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Mary Paton Research Award 2009 – Dr Wendy Brodribb

In her winning paper, Dr Brodribb acknowledges that breastfeeding is an important public health issue, and considers that whilst medical practitioners can have a significant impact on breastfeeding initiation and duration, there are few studies investigating their views regarding women's infant feeding decisions. Dr Brodribb's mixed-methods study employed qualitative (focus groups and interviews) and quantitative (questionnaire) data collection techniques to investigate the attitudes and views of Australian medical students and GP registrars about infant feeding decision-making. Access Dr Brodribb's paper here

Mary Paton Research Award 2009 – Dr Wendy Brodribb2021-04-05T14:31:18+10:00

Mary Paton Research Award 2007 – Dr Karleen Gribble

Dr Gribble's paper explores the experiences of 107 Australian women who were breastfeeding a child two years or older, 87% of whom had not originally intended to breastfeed long-term, with many who had initially felt disgust for breastfeeding beyond infancy. Mothers changed their opinion about long-term breastfeeding as they saw their child enjoy breastfeeding, as their knowledge about breastfeeding increased and as they were exposed to long-term breastfeeding role models. Access Dr Gribble's paper here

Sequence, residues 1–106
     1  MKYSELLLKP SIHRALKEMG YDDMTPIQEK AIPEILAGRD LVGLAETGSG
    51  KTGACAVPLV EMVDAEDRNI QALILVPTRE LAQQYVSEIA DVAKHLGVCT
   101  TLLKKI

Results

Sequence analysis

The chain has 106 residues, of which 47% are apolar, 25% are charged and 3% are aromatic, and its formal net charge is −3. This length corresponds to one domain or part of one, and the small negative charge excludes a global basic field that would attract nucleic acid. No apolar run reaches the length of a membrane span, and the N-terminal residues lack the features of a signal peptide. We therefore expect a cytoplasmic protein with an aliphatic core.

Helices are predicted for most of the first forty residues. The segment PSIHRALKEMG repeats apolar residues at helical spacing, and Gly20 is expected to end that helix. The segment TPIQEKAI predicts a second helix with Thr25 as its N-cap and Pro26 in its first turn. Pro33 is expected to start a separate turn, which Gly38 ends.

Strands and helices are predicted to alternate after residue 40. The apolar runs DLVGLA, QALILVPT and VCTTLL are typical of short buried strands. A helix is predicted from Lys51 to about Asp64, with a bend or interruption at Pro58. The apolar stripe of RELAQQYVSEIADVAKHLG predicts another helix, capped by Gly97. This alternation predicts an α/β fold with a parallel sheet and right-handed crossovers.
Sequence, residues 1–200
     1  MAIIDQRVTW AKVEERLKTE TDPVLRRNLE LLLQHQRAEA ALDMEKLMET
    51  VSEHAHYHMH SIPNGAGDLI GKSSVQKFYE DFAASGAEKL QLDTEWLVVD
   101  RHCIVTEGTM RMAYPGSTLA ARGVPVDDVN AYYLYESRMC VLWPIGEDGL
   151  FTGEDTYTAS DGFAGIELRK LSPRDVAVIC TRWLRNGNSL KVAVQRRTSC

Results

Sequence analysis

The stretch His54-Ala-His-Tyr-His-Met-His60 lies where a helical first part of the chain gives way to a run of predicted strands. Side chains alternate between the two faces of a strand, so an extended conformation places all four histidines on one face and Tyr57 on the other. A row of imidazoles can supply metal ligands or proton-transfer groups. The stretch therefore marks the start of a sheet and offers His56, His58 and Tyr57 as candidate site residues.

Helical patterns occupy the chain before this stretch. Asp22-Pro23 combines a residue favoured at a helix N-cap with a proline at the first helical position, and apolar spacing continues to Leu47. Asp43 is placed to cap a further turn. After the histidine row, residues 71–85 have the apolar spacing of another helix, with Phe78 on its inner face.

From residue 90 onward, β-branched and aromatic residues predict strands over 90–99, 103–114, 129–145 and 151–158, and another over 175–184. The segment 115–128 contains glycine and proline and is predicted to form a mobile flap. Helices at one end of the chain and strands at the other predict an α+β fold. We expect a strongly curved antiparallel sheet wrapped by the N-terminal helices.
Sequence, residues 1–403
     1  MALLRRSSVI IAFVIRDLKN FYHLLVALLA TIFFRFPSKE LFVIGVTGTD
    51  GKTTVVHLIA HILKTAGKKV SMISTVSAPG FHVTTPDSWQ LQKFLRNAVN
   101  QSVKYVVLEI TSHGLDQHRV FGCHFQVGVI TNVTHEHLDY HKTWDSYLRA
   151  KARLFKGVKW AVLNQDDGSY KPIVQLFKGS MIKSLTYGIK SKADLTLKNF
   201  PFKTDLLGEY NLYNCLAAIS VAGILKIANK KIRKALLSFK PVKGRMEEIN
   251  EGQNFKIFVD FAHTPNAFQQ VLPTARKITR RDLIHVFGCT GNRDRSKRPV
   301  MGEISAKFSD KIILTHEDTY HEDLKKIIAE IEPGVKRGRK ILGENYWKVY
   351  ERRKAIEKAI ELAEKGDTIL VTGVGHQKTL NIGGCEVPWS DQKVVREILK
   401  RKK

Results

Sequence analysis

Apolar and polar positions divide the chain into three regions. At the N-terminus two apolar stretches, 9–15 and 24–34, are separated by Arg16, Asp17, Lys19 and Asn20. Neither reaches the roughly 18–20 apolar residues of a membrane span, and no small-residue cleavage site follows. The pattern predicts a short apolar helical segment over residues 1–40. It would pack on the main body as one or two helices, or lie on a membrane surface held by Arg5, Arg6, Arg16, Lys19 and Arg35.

Mary Paton Research Award 2007 – Dr Karleen Gribble2021-04-05T14:31:29+10:00

Mary Paton Research Award 2005 – Dr Linda Sweet

Linda's paper explores the objectification (or in other words externalising) of breastmilk, which results from long-term breast expression by parents of hospitalised very low birth weight preterm infants. Whilst there is a range of reasons women have given for ceasing breastfeeding for preterm infants, this study aimed to increase knowledge and understanding of how parents experience breastfeeding, to assist nurses and other health care professionals to improve the clinical care received by families, and to improve the preterm breastfeeding experience. Access Dr Sweet's paper here

Mary Paton Research Award 2005 – Dr Linda Sweet2021-04-05T14:31:40+10:00
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